About the Project
Agriculture has long been a main stay of many Caribbean economies. The region produces approximately 60 percent of the world’s coffee, 40 percent of its banana, 25 percent of its beans, 20 percent of its cocoa, and significant quantities of sugar, corn and other crops. Considerable amounts of pesticides are used for the production of these crops which ultimately end up in the sea. With no adequate agricultural practices in place, this poses a serious threat to coral reefs and seagrass beds, threatens tourist activity and the health of the population in the region as well as environmental quality for the reproduction of marine species.
UNEP’s Caribbean Environment Programme, in collaboration with the Global Environment Facility (GEF), is working to reduce the runoff of agricultural pesticides to the Caribbean Sea, through the REPCar project. Prevailing currents flow in a circular pattern along the Caribbean coast which is shared by Nicaragua, Costa Rica and Colombia, the three countries participating of the project. Trans-boundary pollution can result when contaminants are released into coastal waters by one country, affecting neighbouring countries. Therefore, regional co-operation is necessary to achieve the project's goal of reducing pesticides to the Caribbean Sea.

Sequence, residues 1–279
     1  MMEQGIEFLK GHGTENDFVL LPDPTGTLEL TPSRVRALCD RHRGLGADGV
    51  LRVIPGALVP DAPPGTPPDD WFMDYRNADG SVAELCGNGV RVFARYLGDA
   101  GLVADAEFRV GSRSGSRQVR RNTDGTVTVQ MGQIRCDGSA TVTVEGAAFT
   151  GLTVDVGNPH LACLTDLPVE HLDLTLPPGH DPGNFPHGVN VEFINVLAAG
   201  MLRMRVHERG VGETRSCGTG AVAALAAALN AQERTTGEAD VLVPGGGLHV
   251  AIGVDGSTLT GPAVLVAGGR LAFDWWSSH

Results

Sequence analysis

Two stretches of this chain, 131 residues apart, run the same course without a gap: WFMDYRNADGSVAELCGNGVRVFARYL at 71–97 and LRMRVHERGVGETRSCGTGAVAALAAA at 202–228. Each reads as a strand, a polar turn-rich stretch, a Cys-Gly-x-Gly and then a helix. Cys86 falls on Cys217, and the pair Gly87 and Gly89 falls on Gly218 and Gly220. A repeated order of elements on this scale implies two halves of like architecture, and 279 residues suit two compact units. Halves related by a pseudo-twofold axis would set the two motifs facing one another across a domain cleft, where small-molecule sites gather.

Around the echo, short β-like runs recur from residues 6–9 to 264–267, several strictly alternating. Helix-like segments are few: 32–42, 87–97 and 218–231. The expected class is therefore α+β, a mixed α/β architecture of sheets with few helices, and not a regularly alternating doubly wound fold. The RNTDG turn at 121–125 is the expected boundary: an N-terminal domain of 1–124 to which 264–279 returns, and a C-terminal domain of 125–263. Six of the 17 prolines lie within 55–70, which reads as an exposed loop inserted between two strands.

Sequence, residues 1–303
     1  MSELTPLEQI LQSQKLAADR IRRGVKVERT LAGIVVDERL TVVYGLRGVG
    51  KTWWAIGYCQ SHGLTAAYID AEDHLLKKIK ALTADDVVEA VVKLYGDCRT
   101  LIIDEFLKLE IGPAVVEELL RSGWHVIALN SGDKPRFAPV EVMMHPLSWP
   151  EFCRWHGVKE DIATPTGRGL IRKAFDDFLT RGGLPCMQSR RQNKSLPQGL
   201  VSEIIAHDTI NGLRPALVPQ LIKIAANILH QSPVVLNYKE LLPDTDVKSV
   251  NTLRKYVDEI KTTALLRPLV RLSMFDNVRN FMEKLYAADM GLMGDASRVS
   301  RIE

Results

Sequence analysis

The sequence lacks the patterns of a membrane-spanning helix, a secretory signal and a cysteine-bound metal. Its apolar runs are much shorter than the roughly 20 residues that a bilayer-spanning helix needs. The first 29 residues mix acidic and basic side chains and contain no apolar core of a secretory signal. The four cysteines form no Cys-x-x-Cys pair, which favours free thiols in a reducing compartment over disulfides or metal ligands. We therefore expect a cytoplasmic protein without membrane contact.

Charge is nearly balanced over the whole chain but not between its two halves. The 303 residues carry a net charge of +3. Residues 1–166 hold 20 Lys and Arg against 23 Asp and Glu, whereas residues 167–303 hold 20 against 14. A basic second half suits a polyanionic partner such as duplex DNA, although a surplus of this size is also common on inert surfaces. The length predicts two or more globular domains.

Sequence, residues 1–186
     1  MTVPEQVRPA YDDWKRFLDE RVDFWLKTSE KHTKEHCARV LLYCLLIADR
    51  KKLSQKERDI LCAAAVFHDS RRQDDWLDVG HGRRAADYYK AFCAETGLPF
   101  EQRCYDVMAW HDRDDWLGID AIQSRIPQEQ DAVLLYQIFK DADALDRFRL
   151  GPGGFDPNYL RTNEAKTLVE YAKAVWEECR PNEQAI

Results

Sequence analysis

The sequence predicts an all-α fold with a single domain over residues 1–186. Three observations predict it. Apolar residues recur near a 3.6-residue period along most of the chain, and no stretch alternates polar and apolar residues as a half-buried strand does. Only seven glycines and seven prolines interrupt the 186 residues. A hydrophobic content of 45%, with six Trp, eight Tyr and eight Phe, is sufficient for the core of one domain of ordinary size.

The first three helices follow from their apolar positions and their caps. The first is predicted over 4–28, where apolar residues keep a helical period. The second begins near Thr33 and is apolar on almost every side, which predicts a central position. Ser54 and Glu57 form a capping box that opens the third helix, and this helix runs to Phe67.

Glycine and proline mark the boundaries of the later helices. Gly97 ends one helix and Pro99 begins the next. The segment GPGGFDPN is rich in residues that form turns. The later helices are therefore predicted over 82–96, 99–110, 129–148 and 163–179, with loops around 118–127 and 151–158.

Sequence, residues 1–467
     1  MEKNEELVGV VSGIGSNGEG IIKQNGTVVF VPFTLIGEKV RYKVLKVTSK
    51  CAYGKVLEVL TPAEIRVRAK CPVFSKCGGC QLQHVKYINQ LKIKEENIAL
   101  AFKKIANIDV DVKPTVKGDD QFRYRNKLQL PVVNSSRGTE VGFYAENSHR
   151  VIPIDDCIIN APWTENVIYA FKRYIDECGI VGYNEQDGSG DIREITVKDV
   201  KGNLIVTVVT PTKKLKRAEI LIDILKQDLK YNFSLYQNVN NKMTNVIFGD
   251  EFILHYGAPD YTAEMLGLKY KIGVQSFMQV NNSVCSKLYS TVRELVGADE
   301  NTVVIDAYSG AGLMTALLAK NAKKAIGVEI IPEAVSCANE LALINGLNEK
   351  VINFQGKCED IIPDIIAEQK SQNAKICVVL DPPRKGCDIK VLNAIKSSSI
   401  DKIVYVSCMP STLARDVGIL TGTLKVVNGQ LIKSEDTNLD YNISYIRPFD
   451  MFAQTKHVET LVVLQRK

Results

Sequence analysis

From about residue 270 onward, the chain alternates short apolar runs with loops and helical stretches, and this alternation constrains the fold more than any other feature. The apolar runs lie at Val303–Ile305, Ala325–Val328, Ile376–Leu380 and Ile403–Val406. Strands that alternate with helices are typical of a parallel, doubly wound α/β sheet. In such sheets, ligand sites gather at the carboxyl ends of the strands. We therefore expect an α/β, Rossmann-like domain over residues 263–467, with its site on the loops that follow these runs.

The main objective of the REPCar project is to mitigate the degradation of the marine environment caused by the use of pesticides in Colombia, Costa Rica and Nicaragua, implement comprehensive management practices and specific measures to control the use and application of pesticides in the agricultural sector. To this end, various provisions of the Cartagena Convention and more specifically, the Protocol Concerning Pollution from Land-Based Sources and Activities will be implemented.
Project activities include: